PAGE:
I have been reading this passage over and over, meditating on the combination of dogged faith and hope with cagey realism about his own human frailty, redeemed by his absolute trust in the providence of God working all things out for good, even imprisonment, public disgrace, sickness, false accusations, mock trial and death. This confidence was his, I believe, because he prayed for it. Unfortunately it was not shared by his wife or most of his family, but I sincerely hope they came to understand eventually.

St. Thomas More, pray for us.

Another week of not much Family-ing, because Daddy was away on clinical rotations. So most of the pictures are from the weekends.

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“Here Mommy, these will make you all better.”

Evie really likes playing doctor, these days. She always wants someone to “be sick” so she can make them “all better.” Mommy makes a very good patient because she will lie down on the couch any time Evie asks her to.

Daddy, on the other hand, is a terrible patient, because he never follow’s Doctor’s orders.

 

Evie got to stay over at Deedee and Papa’s house a lot this week, because Mommy is on a new work schedule for a few weeks. She has to work every day, instead of just three days, but she only works eight hours instead of twelve, so she gets home earlier, and no nights.

Daddy got to come home from Oak Harbor early this week, but he still had a ton of Army stuff to do online, so he wasn’t able to pick Evie up until Thursday night. Deedee dropped her off at the bank where Daddy was conducting some boring business type stuff. Evie was immediately enthralled by the “puter” they had that was just her size.

 

Family friday 128 (3)
“This is my ‘puter! I’m typing!”

So much so that she didn’t want to leave the bank.

 

Family friday 128 (4)
“No, no, I am doing my work!”

We had to have a talking-to about that. It’s okay to be sad, and it’s okay to be mad, but even when you are sad and mad, you still have to do what is right. Which means when Daddy says it is time to leave, you can cry if you feel you must, but you still have to put the toys away.

Another thing that Evie really likes nowadays is the word, “Why?” Daddy loves it because it is one of his favorite words too.

On Friday, Daddy and Evie went to early morning Mass, and then to the park for some ninja training.

The library was hosting an event for kids, and the police came to show off one of their cars.

Family friday 128 (5)

 

 

Evie thought the police car was the coolest thing ever. She was all ready to get buckled in the back seat and drive away.

 

Family friday 128 (6)
“This is my seat, and this is the baby’s seat.”

Fortunately, Daddy didn’t let her stay in the police car. She did get to go down the slide with the police man a few times, and had a picnic with Daddy.

 

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Daddy is not very good at taking selfies.

And that’s all for this week. We are just working on getting done what we need to get done while still having at least a little time for what matters most.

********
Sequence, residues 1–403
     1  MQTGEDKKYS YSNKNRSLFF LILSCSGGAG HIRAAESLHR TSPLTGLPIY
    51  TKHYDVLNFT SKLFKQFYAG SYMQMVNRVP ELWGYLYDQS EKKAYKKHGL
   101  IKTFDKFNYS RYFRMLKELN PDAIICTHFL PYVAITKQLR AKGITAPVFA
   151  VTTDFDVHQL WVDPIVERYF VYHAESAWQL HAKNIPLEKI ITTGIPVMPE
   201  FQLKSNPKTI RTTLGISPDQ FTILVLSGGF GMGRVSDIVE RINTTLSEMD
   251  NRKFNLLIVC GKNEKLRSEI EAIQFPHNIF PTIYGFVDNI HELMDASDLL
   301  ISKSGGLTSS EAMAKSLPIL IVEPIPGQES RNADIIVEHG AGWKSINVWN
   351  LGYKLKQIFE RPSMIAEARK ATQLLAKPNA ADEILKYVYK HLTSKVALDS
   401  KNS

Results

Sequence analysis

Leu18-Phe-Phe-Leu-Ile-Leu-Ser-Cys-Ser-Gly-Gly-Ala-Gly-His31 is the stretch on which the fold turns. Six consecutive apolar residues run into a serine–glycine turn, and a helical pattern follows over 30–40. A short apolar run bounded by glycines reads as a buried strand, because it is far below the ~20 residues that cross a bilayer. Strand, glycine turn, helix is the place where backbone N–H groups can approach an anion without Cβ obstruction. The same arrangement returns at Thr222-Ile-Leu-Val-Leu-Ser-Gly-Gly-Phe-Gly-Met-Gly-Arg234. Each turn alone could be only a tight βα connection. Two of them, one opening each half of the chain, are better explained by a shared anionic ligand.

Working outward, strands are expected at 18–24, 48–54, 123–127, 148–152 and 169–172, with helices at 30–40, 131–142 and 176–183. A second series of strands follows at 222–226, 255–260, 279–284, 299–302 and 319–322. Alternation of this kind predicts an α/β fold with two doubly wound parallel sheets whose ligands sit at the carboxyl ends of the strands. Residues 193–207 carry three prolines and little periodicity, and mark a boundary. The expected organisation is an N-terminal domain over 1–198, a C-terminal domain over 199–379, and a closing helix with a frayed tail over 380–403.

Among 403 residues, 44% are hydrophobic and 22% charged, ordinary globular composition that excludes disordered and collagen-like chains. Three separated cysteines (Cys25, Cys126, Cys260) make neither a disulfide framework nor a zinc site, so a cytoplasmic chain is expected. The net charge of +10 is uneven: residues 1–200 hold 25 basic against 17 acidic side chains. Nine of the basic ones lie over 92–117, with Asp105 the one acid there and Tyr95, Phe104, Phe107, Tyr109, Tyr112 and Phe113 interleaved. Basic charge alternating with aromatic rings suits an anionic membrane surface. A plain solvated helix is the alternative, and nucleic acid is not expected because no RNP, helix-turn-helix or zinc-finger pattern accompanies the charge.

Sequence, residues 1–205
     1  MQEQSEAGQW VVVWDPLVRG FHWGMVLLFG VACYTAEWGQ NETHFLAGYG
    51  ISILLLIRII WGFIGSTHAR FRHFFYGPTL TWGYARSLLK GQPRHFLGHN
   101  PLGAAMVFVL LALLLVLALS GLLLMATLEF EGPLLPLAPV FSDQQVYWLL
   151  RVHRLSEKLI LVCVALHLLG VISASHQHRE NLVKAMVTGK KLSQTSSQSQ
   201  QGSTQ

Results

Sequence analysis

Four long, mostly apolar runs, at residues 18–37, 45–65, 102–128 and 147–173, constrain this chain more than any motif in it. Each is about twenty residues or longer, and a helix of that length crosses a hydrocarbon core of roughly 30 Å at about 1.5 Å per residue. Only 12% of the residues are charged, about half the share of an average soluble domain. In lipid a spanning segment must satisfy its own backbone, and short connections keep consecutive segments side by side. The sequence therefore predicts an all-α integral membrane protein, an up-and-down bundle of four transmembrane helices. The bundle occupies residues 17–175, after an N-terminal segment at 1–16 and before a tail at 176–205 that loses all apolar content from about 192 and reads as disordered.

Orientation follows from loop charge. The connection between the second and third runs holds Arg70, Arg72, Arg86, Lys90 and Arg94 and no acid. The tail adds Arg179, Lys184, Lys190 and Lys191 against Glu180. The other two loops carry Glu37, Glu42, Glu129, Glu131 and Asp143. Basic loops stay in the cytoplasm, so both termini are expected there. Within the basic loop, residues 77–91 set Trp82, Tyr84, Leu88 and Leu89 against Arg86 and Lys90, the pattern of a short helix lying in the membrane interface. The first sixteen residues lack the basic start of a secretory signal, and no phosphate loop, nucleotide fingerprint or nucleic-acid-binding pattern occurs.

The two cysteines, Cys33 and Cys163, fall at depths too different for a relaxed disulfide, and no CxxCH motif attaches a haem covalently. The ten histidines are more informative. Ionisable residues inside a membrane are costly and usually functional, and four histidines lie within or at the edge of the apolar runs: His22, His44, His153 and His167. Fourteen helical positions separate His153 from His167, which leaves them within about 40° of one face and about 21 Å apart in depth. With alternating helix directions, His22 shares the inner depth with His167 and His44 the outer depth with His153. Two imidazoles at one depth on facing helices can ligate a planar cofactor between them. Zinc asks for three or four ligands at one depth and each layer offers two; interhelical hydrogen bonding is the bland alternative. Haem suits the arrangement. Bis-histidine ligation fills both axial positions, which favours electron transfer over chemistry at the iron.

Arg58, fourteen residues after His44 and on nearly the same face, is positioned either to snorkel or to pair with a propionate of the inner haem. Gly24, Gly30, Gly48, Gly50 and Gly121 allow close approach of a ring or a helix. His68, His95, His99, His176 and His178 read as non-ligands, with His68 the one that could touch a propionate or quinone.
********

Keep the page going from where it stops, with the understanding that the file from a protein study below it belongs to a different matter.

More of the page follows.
And, of course, counting down to our next little big adventure!

 

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Not long  now!

God Bless!

 

 

 

 

This week has not been a great week for Family Time. We had some together time on the weekend, but then Daddy had to go up to Whidbey Island for a clinical rotation. So we spent a lot of our family time on FaceTime.

Family Friday 127 (11)
Mommy reading Evie a bedtime story before goodnight prayers.

 

On Saturday before Daddy left we did some work in the garden. Daddy rototilled it and then mulched the rest of the leaves and some of the shrubbery and plants and spread the mulch in the garden. Evie helped a good deal.

Especially when it was time to put the wheelbarrow away.

Family Friday 127 (2)
“Weeeeeeeeeeeeee!”

We wanted to have a fire in our fire pit, but Mommy had to go to the Baby sale again, and Auntie Maryanne was working. So we had Uncle Adam and Edmund come over for dinner.

Family Friday 127 (4)
Edmund ate all of Evie’s bread and Evie ate all of Edmund’s beans.

It’s good to have cousins.

 

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Really? You’re taking a picture of me eating food?

 

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The lake of fire! Actually, it’s more like a puddle of fire.

 

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It isn’t Uncle Adam’s fault it’s such a small fire.

 

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If he looks a little like a pyromaniac, it’s only because he is.

 

Family Friday 127 (9)
Relaxing times like this are too few and far between.

We went out for breakfast with some friends on Sunday morning.

 

Family Friday 127 (10)
She has a tank, and she’s not afraid to use it.

Then Sunday afternoon Daddy drove up to Whidbey Island to begin his next clinical assignment.

But he only has to work Monday through Thursday, so it isn’t too bad. He gets to come back home for Friday, Saturday and most of Sunday.